“According to the law, the governor just needs one more vote,” Endo Chair said. “I can’t speak to how they worked things out on their end.”
Read more about the mayor’s role in union negotiations: Carlisle’s Campaign Rhetoric Meets Reality of Bargaining Table, Feb. 8, 2011
U.S. Transportation Secretary Ray LaHood is the top boss for all kinds of transportation projects. You have to forgive the guy for not keeping Honolulu at the center of his universe.
But Inside Honolulu still noted with interest the fact that LaHood twice referred to Honolulu’s rail project as a “light rail” system in a Thursday morning conference call with reporters.
Thanks to Civil Beat’s Michael Levine, who participated in the conference call, for the tip.
City Council member Ikaika Anderson shared his nominee — a lawyer with the Iron Workers Union — for the new transit agency with Civil Beat this morning.
“I nominated Arnold Wong,” Anderson told Civil Beat. “He’s also an attorney, so he brings a solid background in law and legal expertise as well. It is my understanding that someone who is involved with labor should be considered to be on the board. I think that Arnold’s involvement and full knowledge of the labor community will help him as a board member, especially when you couple that experience with his legal background.”
Anderson said his first nominee was Joe O’Donnell, a financial secretary from the Iron Workers Union.
“I actually nominated Joe because he’s a constituent,” Anderson said. “But I understand that Joe was not able to serve … He has other obligations right now and for the forseeable future. He had suggested Arnold as someone who he felt would be a strong HART board member.”
It’s now Thursday. The City Council’s nominees to the Honolulu Authority for Rapid Transit were due on Monday. So where’s the list of nominees?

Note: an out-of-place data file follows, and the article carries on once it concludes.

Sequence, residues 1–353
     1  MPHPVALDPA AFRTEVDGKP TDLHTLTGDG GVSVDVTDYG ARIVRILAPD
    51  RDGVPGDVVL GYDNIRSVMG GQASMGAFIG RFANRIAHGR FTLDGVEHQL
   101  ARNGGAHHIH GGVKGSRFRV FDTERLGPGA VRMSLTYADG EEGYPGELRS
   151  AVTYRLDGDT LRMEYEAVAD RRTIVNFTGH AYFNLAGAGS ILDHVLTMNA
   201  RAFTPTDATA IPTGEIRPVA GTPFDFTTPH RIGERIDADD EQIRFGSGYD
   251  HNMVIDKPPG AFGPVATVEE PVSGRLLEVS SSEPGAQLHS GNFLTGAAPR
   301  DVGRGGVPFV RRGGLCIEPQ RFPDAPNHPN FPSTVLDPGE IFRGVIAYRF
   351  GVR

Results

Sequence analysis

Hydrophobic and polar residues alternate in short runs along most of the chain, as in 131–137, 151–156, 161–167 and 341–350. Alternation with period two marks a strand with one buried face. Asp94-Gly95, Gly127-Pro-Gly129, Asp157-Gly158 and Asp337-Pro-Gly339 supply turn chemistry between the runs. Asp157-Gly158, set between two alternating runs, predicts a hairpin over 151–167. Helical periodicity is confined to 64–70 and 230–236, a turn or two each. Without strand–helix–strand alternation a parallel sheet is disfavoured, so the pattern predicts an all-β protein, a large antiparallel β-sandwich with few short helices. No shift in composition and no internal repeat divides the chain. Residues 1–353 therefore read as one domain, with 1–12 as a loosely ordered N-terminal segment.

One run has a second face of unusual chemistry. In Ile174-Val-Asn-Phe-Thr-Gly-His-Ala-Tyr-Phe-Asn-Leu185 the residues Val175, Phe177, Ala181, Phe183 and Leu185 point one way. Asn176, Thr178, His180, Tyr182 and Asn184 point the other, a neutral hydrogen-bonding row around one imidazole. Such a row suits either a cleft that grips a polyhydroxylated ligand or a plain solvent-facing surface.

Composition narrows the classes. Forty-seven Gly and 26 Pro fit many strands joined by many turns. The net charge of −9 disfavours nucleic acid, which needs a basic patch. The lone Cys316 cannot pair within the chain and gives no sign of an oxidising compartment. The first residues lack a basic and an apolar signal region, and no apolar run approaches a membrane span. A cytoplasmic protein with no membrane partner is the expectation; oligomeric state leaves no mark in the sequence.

Honolulu City Council Chairman Nestor Garcia and Vice Chair Breene Harimoto both told Civil Beat they are still working out “logistics.” Neither would reveal who they nominated to the board.
The City Council gets to pick three members on the 10-member transit board. Ultimately, Garcia and Harimoto will decide which three names to advance for council approval.
We know some of the names for sure, from City Council members who were willing to share with the public their picks:
Both Stanley Chang and Romy Cachola declined to tell Civil Beat their picks.
Civil Beat is waiting for hear back from City Council members Ikaika Anderson and Ernie Martin about their nominees.
We have to wonder: Is this going to play out like another controversial nomination process of late?
City Council Transportation Chairman Breene Harimoto says he and Mayor Peter Carlisle are working on putting aside differences to forge ahead on the city’s rail project.
“I requested to meet with the mayor and we had a very nice meeting,” Harimoto told Civil Beat. “We agreed to work together and concentrate on the bigger goal of getting this rail project done.”
Harimoto had raised what he called “growing” concerns about the project that he said stemmed from a lack of transparency from Carlisle and his administration.
Now, Harimoto said, after this week’s meeting, he is again optimistic.
“I just leave it to God that it will all work,” Harimoto told Civil Beat. “Time will tell.”
April 6, 2011: City, state and other Hawaii counties agree to deal with HGEA; Council grows capital spending; City Council member asks for legal fees to fight administration.
April 5, 2011: Council member Tulsi Gabbard Tamayo says her deployment to Afghanistan is unlikely; HART nominees still not official; City cites $1.4 billion for Ansaldo contract.
April 4, 2011: Todd Apo and Don Horner surface as mayor’s possible picks for transit authority; Tom Berg nominates Panos Prevedouros for transit authority; State awaits results on more dengue cases; Losing rail bidders set for debriefs.
April 1, 2011: Gov. Neil Abercrombie taps former City Council candidate; GOP wants Nestor Garcia ethics investigation; Budget Chairman Ernie Martin schedules two special budget meetings.